Title:Alumni in the Field: Shireesha Dhanireddy
Based in Seattle, Shireesha Dhanireddy, M.D. (C’95, M’99), completed her internal medicine residency and infectious disease fellowship at the University of Washington. After her fellowship, she joined the Madison Clinic, the largest HIV clinic in the Pacific Northwest, where she is now medical director. She spends two-thirds of her time in patient care, and the rest working on student, resident, and peer education as well as research focused on improving health outcomes in vulnerable patients.
Through her clinical work at a county hospital, she developed an interest in the health of people who inject drugs. “Outcomes are not optimal. As providers, we could improve our approach by addressing substance use disorder in addition to their other medical issues,” says Dhanireddy.
Her current clinical research looks at the intersection of the opioid crisis, injection drug use, and infectious diseases. Dhanireddy seeks to provide wrap-around care—including patient navigation and opioid agonist therapies (medication-assisted therapies such as buprenorphine)—to help people who inject drugs to treat their drug dependence and focus on other health issues. She hopes that this packaging of interventions will help reduce some of the barriers to care still facing people with HIV and other infectious diseases in the community.
With a deep commitment to providing care for those who are marginalized, Dhanireddy reaches vulnerable patients through creative approaches.
In response to a lack of services available to unhoused women engaging in street-based sex work in the north end of Seattle, Dhanireddy partnered with the non-profit organization Aurora Commons in 2018 to create the SHE Clinic (Safe Healthy Empowered) to provide co-located primary care, including HIV prevention and sexual healthcare. Run from the back of a mobile van, the SHE Clinic offers sexually transmitted disease testing and treatment, HIV testing, opioid agonist therapy, and contraception. Shortly after the clinic began operations, a new cluster of HIV cases was diagnosed among the population it serves. The SHE Clinic has been integral in providing HIV testing and prevention services as well as coordination to connect newly diagnosed women to care.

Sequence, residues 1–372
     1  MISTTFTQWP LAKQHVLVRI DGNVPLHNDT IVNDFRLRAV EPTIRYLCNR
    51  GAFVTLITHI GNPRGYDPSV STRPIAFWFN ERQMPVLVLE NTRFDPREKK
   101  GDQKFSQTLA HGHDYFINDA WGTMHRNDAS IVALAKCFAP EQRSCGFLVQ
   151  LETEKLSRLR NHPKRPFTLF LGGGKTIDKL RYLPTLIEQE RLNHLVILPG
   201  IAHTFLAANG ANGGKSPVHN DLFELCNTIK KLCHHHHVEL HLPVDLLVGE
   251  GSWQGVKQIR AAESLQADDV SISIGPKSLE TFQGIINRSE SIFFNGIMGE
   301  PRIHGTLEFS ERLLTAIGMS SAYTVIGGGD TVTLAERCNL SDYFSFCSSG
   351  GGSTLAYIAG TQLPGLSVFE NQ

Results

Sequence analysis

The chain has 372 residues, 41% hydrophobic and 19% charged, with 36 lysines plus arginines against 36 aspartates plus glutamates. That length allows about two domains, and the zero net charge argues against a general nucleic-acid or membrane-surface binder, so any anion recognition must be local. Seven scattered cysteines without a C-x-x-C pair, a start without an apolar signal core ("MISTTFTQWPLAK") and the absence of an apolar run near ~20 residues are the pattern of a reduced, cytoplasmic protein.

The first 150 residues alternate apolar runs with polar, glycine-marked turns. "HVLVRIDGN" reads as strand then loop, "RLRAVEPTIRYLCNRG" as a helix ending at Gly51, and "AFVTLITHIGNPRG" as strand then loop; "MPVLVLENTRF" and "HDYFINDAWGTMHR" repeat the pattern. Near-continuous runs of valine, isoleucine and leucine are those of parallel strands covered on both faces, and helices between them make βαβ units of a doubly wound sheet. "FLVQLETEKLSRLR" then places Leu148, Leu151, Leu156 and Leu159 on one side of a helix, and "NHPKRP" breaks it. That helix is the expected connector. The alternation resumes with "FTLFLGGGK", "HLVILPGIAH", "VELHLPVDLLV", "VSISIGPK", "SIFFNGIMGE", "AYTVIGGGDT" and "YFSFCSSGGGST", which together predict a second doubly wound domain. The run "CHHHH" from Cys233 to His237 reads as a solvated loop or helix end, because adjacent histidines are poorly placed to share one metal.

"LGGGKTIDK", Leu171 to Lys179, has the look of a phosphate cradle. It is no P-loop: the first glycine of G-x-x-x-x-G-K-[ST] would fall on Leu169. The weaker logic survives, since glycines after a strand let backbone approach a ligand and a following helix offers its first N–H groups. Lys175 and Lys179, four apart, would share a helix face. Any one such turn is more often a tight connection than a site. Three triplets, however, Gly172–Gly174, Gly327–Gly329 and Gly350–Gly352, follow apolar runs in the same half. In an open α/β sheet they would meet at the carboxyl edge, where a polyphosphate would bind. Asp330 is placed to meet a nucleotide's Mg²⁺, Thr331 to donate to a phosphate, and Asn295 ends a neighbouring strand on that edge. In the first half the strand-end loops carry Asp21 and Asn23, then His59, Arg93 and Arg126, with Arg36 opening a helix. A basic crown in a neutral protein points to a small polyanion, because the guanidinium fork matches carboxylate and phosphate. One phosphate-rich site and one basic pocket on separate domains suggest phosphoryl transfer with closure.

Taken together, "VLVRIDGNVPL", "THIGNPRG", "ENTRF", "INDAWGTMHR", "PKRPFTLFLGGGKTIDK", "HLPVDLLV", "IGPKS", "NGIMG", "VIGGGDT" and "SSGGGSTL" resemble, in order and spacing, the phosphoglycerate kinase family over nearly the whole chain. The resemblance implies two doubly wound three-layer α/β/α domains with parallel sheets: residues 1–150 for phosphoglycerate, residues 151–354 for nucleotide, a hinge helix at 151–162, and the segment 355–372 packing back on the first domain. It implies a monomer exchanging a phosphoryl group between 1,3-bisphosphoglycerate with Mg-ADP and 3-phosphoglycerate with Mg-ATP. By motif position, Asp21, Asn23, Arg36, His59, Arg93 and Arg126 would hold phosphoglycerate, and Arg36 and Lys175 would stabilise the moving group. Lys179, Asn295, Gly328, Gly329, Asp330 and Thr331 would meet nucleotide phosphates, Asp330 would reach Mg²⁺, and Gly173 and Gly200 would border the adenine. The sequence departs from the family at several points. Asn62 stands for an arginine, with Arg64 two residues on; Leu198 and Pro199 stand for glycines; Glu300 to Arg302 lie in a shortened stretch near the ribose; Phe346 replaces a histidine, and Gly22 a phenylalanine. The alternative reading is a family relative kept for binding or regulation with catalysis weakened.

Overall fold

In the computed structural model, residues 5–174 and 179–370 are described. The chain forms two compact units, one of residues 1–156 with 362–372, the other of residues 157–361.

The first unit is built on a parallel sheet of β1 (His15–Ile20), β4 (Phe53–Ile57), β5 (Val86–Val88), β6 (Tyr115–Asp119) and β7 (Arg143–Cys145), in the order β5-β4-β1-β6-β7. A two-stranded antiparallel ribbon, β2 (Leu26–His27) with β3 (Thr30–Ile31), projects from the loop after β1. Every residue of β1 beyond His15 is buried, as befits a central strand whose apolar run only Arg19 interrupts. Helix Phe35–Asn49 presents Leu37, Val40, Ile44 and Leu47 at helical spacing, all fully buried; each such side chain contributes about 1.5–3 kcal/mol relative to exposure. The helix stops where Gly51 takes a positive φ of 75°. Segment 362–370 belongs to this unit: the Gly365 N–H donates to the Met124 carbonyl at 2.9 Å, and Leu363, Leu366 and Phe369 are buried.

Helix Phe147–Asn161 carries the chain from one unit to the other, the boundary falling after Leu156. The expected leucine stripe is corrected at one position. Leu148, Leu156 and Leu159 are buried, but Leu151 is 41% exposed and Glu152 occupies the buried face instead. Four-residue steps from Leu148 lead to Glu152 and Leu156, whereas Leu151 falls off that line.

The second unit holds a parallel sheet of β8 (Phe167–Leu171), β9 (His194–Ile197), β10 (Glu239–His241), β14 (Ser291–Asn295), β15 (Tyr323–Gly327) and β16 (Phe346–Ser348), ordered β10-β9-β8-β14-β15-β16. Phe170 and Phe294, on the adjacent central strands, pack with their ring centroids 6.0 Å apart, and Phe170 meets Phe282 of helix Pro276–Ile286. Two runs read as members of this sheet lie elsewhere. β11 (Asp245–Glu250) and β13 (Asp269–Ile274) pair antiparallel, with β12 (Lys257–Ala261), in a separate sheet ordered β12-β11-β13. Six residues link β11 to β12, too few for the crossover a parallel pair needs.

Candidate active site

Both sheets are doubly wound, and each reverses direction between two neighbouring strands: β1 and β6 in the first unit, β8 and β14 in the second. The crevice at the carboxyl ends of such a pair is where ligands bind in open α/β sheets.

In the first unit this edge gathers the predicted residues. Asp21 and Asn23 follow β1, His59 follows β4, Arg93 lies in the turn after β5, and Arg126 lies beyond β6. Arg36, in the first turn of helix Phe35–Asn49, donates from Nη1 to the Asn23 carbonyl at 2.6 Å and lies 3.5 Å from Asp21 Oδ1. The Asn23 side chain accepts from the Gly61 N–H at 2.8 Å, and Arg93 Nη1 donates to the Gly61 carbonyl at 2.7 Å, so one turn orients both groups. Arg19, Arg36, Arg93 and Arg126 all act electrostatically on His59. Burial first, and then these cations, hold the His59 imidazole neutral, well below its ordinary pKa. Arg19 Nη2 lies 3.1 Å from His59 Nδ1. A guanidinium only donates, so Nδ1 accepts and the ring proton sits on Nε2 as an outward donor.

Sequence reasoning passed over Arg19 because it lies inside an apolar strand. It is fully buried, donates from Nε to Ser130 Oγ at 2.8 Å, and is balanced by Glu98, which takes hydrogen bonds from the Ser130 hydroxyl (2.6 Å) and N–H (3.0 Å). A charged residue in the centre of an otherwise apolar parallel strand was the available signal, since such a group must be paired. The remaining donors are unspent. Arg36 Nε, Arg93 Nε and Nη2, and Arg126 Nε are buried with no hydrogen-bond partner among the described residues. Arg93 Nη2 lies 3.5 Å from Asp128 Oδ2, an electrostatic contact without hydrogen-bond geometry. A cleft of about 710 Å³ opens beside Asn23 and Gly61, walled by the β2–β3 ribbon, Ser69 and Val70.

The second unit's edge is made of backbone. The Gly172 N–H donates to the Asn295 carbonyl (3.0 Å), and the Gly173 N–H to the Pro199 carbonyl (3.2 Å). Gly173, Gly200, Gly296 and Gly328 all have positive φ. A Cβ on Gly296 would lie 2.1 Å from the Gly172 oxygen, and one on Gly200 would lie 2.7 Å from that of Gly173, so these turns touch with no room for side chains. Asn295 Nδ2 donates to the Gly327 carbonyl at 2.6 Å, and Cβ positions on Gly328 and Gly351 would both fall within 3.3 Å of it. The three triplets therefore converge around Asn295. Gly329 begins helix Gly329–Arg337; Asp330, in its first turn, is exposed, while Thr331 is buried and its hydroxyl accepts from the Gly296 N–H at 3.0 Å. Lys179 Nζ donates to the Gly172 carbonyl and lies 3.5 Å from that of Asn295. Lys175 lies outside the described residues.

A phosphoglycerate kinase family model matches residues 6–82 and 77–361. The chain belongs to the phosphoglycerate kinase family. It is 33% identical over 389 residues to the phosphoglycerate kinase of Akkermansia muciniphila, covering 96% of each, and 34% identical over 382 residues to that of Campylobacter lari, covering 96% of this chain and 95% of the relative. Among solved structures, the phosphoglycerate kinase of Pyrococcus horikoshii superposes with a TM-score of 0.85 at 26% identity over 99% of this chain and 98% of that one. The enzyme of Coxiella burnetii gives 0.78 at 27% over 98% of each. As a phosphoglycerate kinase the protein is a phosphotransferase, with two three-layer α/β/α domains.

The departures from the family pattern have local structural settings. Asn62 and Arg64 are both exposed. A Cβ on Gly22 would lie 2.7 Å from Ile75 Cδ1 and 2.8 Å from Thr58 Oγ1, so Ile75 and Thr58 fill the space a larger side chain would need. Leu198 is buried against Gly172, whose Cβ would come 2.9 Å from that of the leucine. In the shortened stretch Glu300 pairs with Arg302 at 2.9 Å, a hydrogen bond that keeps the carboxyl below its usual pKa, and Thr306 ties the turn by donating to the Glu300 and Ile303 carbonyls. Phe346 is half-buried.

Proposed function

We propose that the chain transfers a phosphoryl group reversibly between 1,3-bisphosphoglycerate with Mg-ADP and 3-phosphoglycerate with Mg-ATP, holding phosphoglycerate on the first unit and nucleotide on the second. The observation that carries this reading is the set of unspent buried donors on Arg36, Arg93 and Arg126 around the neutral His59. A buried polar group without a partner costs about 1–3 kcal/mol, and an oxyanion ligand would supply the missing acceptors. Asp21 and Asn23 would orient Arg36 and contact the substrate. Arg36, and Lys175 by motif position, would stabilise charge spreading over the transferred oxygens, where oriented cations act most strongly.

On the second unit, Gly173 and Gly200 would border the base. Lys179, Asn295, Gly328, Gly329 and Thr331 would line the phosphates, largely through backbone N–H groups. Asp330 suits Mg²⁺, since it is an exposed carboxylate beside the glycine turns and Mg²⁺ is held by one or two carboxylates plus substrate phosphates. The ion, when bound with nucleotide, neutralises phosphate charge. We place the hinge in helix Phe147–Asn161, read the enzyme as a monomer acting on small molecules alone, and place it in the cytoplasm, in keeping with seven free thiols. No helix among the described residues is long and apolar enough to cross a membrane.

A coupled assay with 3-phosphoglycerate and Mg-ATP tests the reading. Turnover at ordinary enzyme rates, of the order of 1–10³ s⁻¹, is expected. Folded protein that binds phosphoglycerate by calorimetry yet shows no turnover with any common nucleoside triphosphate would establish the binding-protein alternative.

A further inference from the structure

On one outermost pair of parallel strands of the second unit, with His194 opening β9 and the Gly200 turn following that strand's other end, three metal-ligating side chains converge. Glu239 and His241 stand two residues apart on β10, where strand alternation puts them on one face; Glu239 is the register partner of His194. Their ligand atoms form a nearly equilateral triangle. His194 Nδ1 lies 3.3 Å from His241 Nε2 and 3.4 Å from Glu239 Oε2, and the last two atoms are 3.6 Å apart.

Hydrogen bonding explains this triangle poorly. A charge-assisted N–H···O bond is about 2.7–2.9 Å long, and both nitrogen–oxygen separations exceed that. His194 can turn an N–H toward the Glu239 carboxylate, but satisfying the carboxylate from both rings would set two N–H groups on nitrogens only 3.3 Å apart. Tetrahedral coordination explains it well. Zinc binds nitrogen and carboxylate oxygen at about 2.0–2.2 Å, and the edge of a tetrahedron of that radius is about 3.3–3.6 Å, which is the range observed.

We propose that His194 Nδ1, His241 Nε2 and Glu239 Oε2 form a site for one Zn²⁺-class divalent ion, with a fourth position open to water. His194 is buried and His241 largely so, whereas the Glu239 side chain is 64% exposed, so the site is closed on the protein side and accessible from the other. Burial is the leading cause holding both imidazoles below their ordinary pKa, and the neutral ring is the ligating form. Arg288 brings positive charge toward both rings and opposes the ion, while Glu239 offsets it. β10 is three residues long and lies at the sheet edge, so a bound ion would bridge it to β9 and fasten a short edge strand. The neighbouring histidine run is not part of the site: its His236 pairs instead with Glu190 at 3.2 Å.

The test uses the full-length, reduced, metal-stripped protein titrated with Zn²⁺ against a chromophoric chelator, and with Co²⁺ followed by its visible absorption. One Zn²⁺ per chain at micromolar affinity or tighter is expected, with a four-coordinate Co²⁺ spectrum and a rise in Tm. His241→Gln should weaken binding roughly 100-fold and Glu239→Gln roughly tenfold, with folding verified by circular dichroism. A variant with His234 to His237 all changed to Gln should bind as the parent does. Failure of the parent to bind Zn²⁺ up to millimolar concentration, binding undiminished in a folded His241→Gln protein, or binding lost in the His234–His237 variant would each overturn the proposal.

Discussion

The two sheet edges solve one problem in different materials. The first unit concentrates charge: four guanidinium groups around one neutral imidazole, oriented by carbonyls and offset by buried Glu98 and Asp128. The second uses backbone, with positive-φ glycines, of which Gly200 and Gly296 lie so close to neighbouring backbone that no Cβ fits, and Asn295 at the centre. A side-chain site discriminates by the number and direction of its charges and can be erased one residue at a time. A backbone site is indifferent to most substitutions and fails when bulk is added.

Dhanireddy’s approach of meeting people where they are includes development of a new outpatient antibiotics program for people who inject drugs. Similarly, she introduced a new STD self-testing model for patients in the HIV clinic to allow low-barrier testing, resulting in exponential increases in testing and treatment rates.
“Today, HIV can be treated with one pill once daily. Other medical conditions, like diabetes and hypertension, are much harder to treat. When treating HIV, the aim is to minimize toxicity, focus on comorbidities, and provide a more comprehensive care model and not just focus on the specialty,” she says.
“The HIV is the easiest thing to treat; their other conditions, like diabetes and hypertension, are much harder.”Shireesha Dhanireddy, M.D. (C’95, M’99)
Dhanireddy is committed to the education of future HIV and infectious disease providers as well. She implemented an HIV training pathway in the internal medicine residency program at University of Washington, providing opportunities for residents to serve as primary care providers for people living with HIV, in an effort to increase HIV provider workforce in the region.
She also participates in a distance-learning program of the Mountain West AIDS Education and Training Center to support health care providers working in rural areas where HIV is less commonly seen. Using live video, the weekly sessions provide clinical consultations between community providers and a panel of HIV experts.
Dhanireddy names two infectious disease physicians at Georgetown who inspired her to pursue the specialty: Princy Kumar, MD (R’90), and Joe Timpone, MD (M’95, R’88).
“My training as a Georgetown medical student laid the groundwork for me to succeed during residency and fellowship,” she adds. “We had high expectations for work and ownership in the care of our patients, and being present at the bedside. It is only through being present with patients that we learn how to care for them as people with complex medical and social needs.”
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